August 1915

  • 5thBattle of Chunuk Bair: The AMR takes part in the biggest offensive undertaken by the Allies at Gallipoli. This has three main components:
    1.  A large-scale British landing at Suvla Bay, 8 km north of Anzac Cove;
    2.  An attack by New Zealand, Australian and British forces from Anzac Cove aimed at linking up with the British at Suvla and capturing the strategic heights of the Sari Bair range;
    3.  Diversionary attacks by the Australian Division at Lone Pine and British forces at Cape Helles.

    The NZMR is assigned to the Right Covering Force of the Allied attack on the Sari Bair range. This force is to clear the way for the Right Assaulting Column to capture the ridge at Chunuk Bair (part of the Sari Bair range) by taking six key features: Old No. 3 Post, Big Table Top, Destroyer Hill, Little Table Top, Bauchop’s Hill and Walden Point. The AMR is to capture Old No. 3 Post.
    The AMR moves to new bivouac area at No. 2 Post.
  • 6thBattle of Chunuk Bair: At about 9 p.m., the AMR moves up the Sazli Beit Dere with the goal of taking Old No. 3 Post (which has been in Ottoman hands since 30 May). The attack is to occur in conjunction with a bombardment by a Royal Navy destroyer. Each night for a number of weeks, the duty destroyer has lit up Old No. 3 Post with its searchlight and bombarded the area from 9 p.m. until 9.10 p.m., and again from 9.20 p.m. until 9.30 p.m. It is hoped that this pattern will enable the AMR to get close to Old No. 3 Post without being detected, then assault it after the second bombardment ends.
    The AMR gets to within 20 m of Old No 3 Post, just outside the searchlight beam. At 9.30 p.m. the 3rd (Auckland) and 11th (North Auckland) squadrons rush Old No. 3 Post. The position, its garrison and an Ottoman bivouac with 400 men behind the front line are overrun, and by 10.30 p.m. the AMR is in control of the area. Despite the strength of the Old No. 3 Post position, it is taken at the cost of only 20 casualties.
    The AMR spends the rest of the night reorganising Old No. 3 Post’s defences for their purposes and repelling counter-attacks. By morning the position is considered secure.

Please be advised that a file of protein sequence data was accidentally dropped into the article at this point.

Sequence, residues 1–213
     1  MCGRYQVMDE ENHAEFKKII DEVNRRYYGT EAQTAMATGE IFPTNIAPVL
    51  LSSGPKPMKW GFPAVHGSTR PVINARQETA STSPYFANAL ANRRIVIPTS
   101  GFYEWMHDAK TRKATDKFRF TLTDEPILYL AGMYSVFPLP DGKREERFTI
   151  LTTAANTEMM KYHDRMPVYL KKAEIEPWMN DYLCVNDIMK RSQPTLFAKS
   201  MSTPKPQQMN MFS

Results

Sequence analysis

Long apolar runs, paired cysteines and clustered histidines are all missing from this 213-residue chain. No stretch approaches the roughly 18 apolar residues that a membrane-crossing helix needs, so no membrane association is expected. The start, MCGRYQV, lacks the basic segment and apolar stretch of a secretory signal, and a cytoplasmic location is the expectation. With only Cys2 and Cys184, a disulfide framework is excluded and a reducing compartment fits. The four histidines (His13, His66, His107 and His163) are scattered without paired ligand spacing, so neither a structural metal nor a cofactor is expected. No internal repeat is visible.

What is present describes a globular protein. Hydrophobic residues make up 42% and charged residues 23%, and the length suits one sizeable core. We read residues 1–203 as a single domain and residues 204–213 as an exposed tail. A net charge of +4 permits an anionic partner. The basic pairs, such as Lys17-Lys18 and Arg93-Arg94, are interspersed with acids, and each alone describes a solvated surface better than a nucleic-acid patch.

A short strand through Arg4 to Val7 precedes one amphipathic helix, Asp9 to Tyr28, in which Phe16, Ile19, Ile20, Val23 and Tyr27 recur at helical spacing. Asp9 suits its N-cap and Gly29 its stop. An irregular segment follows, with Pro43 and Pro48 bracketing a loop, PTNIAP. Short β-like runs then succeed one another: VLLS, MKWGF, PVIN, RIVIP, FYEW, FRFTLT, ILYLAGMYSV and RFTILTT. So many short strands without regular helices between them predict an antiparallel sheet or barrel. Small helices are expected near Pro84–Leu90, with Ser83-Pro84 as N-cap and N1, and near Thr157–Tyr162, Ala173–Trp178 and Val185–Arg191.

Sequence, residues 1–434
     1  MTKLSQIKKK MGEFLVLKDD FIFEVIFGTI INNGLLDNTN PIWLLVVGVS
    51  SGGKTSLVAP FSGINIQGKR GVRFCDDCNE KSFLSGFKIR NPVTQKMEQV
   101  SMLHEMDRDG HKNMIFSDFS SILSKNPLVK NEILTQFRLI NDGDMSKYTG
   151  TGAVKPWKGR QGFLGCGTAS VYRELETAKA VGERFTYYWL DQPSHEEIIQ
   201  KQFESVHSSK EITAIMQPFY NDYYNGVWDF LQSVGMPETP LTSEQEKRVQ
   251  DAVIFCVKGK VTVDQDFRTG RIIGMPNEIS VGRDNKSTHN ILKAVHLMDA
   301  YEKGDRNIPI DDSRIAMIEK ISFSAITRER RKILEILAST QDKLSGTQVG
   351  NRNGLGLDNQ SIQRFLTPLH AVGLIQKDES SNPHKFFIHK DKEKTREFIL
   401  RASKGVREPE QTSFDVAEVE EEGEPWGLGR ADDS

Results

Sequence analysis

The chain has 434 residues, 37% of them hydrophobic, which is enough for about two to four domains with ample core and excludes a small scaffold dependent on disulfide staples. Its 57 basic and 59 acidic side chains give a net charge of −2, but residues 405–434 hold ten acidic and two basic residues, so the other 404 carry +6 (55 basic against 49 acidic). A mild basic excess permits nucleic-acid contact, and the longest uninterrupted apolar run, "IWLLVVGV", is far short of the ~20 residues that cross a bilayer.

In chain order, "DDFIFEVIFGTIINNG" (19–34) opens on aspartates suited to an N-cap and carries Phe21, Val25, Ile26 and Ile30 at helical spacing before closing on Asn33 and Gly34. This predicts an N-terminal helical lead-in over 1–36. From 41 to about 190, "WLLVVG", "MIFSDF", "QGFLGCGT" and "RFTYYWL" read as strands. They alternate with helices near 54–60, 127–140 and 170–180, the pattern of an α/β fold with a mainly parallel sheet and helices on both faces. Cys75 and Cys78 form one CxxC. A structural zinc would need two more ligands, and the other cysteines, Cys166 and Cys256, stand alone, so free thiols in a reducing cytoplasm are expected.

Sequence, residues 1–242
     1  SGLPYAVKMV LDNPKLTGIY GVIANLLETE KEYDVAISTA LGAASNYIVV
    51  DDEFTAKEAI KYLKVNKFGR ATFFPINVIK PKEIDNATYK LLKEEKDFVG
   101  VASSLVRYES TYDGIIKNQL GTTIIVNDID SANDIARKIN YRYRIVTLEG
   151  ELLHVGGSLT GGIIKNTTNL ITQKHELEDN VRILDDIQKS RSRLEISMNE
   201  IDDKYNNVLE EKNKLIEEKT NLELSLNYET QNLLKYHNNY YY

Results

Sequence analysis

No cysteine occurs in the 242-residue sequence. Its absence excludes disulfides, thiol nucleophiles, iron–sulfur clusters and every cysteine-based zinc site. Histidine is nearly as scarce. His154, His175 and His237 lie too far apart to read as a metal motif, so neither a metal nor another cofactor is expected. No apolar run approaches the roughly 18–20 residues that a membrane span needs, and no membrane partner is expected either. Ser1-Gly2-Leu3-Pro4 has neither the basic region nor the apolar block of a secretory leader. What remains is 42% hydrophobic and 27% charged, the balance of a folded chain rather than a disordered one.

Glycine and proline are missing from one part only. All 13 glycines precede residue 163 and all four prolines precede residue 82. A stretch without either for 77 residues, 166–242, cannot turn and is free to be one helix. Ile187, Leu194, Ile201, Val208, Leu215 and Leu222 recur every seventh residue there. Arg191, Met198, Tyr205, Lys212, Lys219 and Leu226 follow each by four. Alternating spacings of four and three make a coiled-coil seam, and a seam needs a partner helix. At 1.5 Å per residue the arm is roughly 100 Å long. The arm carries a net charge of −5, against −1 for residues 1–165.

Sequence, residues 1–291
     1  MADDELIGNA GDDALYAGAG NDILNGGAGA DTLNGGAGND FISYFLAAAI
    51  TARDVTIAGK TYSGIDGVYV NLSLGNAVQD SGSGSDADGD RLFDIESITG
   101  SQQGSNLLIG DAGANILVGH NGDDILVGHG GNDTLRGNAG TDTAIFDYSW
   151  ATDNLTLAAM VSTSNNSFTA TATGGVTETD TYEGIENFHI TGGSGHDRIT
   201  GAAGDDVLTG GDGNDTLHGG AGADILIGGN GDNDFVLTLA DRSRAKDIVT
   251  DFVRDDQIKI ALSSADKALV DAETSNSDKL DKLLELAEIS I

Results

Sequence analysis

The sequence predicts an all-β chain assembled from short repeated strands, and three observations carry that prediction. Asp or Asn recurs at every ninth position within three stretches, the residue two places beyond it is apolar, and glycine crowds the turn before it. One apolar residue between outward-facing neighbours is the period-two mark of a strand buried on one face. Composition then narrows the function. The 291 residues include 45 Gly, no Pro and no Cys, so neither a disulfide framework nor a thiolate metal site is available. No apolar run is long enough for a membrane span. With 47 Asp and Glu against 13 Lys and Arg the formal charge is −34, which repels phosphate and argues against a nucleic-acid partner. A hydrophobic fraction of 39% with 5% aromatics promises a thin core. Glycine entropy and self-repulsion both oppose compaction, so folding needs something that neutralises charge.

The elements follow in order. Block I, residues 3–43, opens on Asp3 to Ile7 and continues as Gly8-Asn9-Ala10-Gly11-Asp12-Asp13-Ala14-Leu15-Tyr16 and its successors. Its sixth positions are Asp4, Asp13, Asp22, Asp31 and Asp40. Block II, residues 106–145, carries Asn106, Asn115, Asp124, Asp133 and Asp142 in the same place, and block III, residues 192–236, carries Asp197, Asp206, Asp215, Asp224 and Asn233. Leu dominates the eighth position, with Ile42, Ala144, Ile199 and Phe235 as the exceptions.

• 7th  – Battle of Chunuk Bair: Overall Allied progress has slowed and the advance of the main assault columns has fallen badly behind schedule. The AMR is relieved from Old No. 3 Post by two troops of the Wellington Mounted Rifles, and spends the day resting in Overton Gully. At 11 p.m. the AMR is allocated to the right-hand column for a renewed assault on the high ground of the Sari Bair Range. This column is to take Chunuk Bair at dawn.
    One of the casualties suffered by the Regiment in the fighting this day is the loss of Lieutenant-Colonel Mackesy’s son, 13/254 2nd Lieutenant Henry Mackesy, 4th (Waikato) Squadron, killed in action.
  • 8thBattle of Chunuk Bair: In the early hours of the morning the Wellington Battalion captures Chunuk Bair. The Ottoman Turks counter-attack repeatedly.
    In an attempt to renew the general attack on Sari Bair, the Allied troops are reorganised into three columns. No. 1 Column consists of the New Zealand Infantry Brigade, the Wellington and Auckland Mounted Rifles regiments, 8th (Pioneer) Battalion, The Welsh Regiment, the 7th Battalion, The Gloucestershire Regiment, and the 26th Indian Mountain Battery. No. 1 Column is to consolidate the ground already taken on the south-western slopes of Chunuk Bair and, in conjunction with the other two columns, gain the whole of Chunuk Bair and extend out from it as far as possible to the east and south.
    At 1.30 a.m. the AMR moves out of its bivouac and up the slopes towards Chunuk Bair. By dawn the regiment is behind the Apex awaiting developments. At 8 a.m. the AMR and the Maori Contingent are ordered to reinforce Chunuk Bair. The AMR suffers heavy casualties while crossing a ravine to reach Chunuk Bair. At 11 a.m. the regiment is in the line at Chunuk Bair. It spends the afternoon attempting to dig trenches in hot conditions while repelling Ottoman attacks and throwing back ‘bombs’ (grenades).
    After dark the AMR is ordered to move forward to hold a ditch in front of the main Chunuk Bair position. This position is untenable because of the heavy fire and the regiment soon withdraws to the established line. Casualties in the AMR are now so high that the unit has almost ceased to exist.
  • 9thBattle of Chunuk Bair: The AMR is relieved from Chunuk Bair at 5 a.m. and withdraws to a bivouac near No. 2 Post. The total strength of the regiment, including those who are sick, is now 66. Only 22 of the 288 officers and men who went into the advance remain on strength; the rest have been killed, wounded, fallen ill, or are missing.
  • 10th – The AMR moves to a bivouac behind Old No. 3 Post.
  • 11th – The AMR moves into Old No. 3 Post.
  • 12th – Since 6 August, the AMR has lost 57 men killed, 144 wounded and 27 missing in action.
  • 22nd – Thirty-year old Father Patrick Dore, a Roman Catholic chaplain attached to the AMR, is wounded in the spine while assisting wounded men on the Aghyl Dere. He is evacuated but never fully recovered and later dies in New Zealand on 15 July 1918 while undergoing a subsequent operation to treat the injury.